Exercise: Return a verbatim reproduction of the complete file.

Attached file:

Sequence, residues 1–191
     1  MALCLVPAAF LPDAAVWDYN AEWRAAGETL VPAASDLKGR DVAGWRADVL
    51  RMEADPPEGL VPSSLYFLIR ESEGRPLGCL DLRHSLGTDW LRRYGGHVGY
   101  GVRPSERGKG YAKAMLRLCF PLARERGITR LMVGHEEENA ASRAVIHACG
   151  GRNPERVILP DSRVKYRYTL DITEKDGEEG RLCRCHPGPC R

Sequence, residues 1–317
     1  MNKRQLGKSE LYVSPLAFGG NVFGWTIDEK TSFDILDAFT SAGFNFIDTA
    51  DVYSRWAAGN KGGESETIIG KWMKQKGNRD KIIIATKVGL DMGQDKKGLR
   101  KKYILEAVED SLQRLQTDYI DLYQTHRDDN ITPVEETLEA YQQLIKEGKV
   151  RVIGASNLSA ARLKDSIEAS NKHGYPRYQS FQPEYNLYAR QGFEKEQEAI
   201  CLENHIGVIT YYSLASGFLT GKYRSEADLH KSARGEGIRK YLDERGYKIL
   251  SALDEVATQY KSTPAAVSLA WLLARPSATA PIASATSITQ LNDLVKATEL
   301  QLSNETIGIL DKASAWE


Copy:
Sequence, residues 1–191
     1  MALCLVPAAF LPDAAVWDYN AEWRAAGETL VPAASDLKGR DVAGWRADVL
    51  RMEADPPEGL VPSSLYFLIR ESEGRPLGCL DLRHSLGTDW LRRYGGHVGY
   101  GVRPSERGKG YAKAMLRLCF PLARERGITR LMVGHEEENA ASRAVIHACG
   151  GRNPERVILP DSRVKYRYTL DITEKDGEEG RLCRCHPGPC R

Sequence, residues 1–317
     1  MNKRQLGKSE LYVSPLAFGG NVFGWTIDEK TSFDILDAFT SAGFNFIDTA
    51  DVYSRWAAGN KGGESETIIG KWMKQKGNRD KIIIATKVGL DMGQDKKGLR
   101  KKYILEAVED SLQRLQTDYI DLYQTHRDDN ITPVEETLEA YQQLIKEGKV
   151  RVIGASNLSA ARLKDSIEAS NKHGYPRYQS FQPEYNLYAR QGFEKEQEAI
   201  CLENHIGVIT YYSLASGFLT GKYRSEADLH KSARGEGIRK YLDERGYKIL
   251  SALDEVATQY KSTPAAVSLA WLLARPSATA PIASATSITQ LNDLVKATEL
   301  QLSNETIGIL DKASAWE